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Tuesday, December 29, 2009

DOT hai toh HOT hai!

IIPM Respected Business School

Election times provide a massive branding opportunity for marketers, say Savreen Gadhoke and Angshuman Paul

Saturday, November 29, 2008: The capital city of New Delhi was abuzz with activity. Raison d’ĂȘtre: That was the day when Delhi conducted the State Assembly Elections 2008. Plentiful promises, aggressive campaigning, massive advertising, et al, was the order of the day. Naveen Prabhakar, an MNC executive, too, was excited. But that had precious little to do with the elections and largely to do with the rare off he got as a result of the polls.

Naveen had some fool proof plans – a wholesome brunch followed by the screening of Quantum of Solace on his home theatre system and then an evening out with friends. Well, almost fool proof. For while Naveen was still lost in his reveries, his idealist wife Neeta announced her version of how the day should, and therefore would (the wife said it you see!) be spent. “We’ve to go and vote,” she said and that was that. Naveen agreed, but on one condition, “After voting, we’ll go out shopping and then lunch.” And so the two went to vote in the nearby booth and then headed straight toward the shopping mall. And that’s where a pleasant surprise lay for Naveen. As the duo entered a Louis Philippe showroom, they were surprised to see a flat 20% discount for those who had voted. And all they had to show was their index finger with a black ink blot mark and voila! While Neeta was beaming with a glow of nobility; Naveen’s eyes were in a great ‘Louis Philippe buying’ mood all of a sudden.

As idealist speeches, loud campaigning, et al, fail; varied marketers across sectors are imbibing the significance of voting in their marketing strategies, either directly or indirectly. Not only have the top-rung companies improved their top lines, but have also enhanced their brand value, brand image and equity by associating with this cause.

Sales at Louis Philippe were higher on Election Day, when it offered the discount, as compared to other normal days. “The idea was to reward those who had voted, in appreciation of their act, which was a service to the nation,” said Vishak Kumar, Chief Operating Officer, Louis Philippe to 4Ps B&M.

The Times of India’s ‘Lead India’ initiative, which commenced in 2007, was perhaps the first step taken in this direction. “The main idea was to awaken the ‘common man’ and make him realise his responsibility toward the country,” said Agnello Dias, the creative brain behind the campaign. Taking the campaign forward, Aamir Khan has been roped in to be the face of the ‘Lead India’ campaign, which urges citizens to vote, to have a bright future for the younger generation. A pun on the famous ‘Lead India’ campaign is the ‘Bleed India’ campaign. Though the client is still unidentified, the print campaign’s baseline says, ‘Take no tension. Why vote in election?’ The body text proclaims about the wrongdoings of the pappu raj (read government), and if this time, voters don’t come out and vote, pappu raj will continue to destroy the society.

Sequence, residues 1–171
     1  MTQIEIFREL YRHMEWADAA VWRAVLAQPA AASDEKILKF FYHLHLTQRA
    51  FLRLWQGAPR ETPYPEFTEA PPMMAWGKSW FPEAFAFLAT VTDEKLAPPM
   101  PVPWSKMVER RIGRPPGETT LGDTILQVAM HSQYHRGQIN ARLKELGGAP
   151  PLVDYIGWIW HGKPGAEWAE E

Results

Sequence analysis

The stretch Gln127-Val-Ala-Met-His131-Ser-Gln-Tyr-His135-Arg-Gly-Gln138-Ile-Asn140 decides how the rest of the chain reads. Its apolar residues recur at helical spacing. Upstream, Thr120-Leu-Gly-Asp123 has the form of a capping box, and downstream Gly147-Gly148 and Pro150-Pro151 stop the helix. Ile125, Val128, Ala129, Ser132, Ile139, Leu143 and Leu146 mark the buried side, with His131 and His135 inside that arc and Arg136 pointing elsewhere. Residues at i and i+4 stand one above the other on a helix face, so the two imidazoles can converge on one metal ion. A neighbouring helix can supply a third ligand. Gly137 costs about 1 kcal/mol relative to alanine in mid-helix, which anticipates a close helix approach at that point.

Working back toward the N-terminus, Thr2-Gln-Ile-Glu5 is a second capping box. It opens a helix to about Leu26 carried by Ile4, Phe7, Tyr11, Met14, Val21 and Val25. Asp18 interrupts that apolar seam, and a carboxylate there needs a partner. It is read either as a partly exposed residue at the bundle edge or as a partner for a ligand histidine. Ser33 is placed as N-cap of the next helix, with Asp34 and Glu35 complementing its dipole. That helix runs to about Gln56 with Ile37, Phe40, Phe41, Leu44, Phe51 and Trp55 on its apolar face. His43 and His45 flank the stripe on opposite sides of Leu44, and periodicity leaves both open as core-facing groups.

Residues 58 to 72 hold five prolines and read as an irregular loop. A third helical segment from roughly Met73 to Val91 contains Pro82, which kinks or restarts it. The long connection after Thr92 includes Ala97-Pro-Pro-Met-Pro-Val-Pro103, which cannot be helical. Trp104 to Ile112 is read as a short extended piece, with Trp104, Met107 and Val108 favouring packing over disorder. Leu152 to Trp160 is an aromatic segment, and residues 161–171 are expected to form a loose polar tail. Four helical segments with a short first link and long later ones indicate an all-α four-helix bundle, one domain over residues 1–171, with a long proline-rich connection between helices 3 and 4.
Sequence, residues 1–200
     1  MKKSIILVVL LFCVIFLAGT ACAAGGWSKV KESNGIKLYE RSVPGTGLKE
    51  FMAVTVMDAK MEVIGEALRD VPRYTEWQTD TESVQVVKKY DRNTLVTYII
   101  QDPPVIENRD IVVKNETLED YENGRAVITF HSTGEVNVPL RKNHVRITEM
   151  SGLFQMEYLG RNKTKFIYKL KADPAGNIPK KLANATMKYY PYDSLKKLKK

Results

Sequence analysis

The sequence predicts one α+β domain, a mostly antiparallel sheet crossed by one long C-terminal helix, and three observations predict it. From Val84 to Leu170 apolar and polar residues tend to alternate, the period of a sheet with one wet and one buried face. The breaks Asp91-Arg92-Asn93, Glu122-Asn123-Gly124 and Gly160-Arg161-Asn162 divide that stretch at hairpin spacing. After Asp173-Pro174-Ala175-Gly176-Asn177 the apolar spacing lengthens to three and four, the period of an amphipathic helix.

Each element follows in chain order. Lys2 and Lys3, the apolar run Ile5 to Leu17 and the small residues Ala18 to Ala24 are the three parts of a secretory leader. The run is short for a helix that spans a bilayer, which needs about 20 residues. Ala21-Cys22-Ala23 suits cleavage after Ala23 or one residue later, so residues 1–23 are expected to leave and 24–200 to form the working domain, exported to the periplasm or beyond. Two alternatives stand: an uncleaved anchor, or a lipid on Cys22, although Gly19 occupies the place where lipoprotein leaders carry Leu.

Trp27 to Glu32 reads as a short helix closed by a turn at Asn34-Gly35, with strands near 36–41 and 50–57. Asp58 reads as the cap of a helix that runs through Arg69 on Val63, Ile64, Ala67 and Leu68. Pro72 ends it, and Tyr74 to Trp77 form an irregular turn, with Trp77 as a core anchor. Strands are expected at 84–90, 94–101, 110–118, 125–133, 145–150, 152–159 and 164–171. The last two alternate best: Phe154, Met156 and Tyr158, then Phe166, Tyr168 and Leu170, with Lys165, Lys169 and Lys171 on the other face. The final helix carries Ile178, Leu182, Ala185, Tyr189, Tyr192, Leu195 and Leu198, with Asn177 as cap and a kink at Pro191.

Various campaigns are now being unleashed with a single-minded focus on awakening the common man and inducing him to go and exercise his fundamental right of voting. Take for instance, Tata Tea’s ‘Jaago Re’ campaign. Recent TVCs are aimed at not just ‘waking’ up the youth, but ‘awakening’ them from a deep slumber. Radio Mirchi’s ‘Dot hai toh hot hai’ campaign is dedicated to make voting hot and fashionable. Idea Cellular’s ‘Isiko kehte hain democracy, what an Idea sirjee’ campaign featuring Abhishek Bachchan (which was aired right after the State Assembly Elections last year), also propagates the idea that the common man should freely voice his opinion and vote for what he feels is good for him and for the society.

UTV’s ‘Ungli utha vote kar’ campaign, featuring John Abraham was also particularly aimed at youth to come forward and vote. Domino’s ‘April Happiness Ballot Paper’ signifies that citizens should vote for a happy life ahead. Ajay Kaul, CEO, Domino’s Pizza India told this magazine, “We wanted to highlight it (customer’s emotional connect with the brand) more through the ‘happiness’ quotient. To make it contemporary this time, we came out with a ‘Happiness Ballot Paper’, where we are saying that this Ballot Paper, like Domino’s, can bring happiness in your life.” A great way to gain customer insights as well.

Definitely, the brand building is phenomenal, if the advertisement is intelligently linked to the brand. Before coming out with the ‘Jaago Re’ campaign, Tata Tea was an also-ran in the tea category. However, post the campaign, the brand has jumped to the number one slot, leaving behind HUL’s Brooke Bond. Similarly, the advertising and communication of Idea Cellular has become bigger and larger than the brand itself, for the Idea connection is shown as having a prominent role to play in helping the common man in the Indian democracy. For Times of India, more than a campaign, ‘Lead India’ is a reflection of their responsibility toward the society. And it obviously goes a long way in maintaining their credibility as a responsible media house.

Even this time around, marketers are leaving no stone unturned to ensure that they urge citizens to step out of their cozy homes and vote. “We are taking forward a persuasion campaign by urging people to vote and getting others to vote through SMS, electronic direct mailers, e-mailers, in-store POPs & collaterals,” adds Kumar of Louis Philippe. For a change, democracy seems to be helping one and all!

Savreen Gadhoke and Angshuman Paul

An Initiative of IIPM, Malay Chaudhuri and Arindam chaudhuri (Renowned Management Guru and Economist).

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1 comment:

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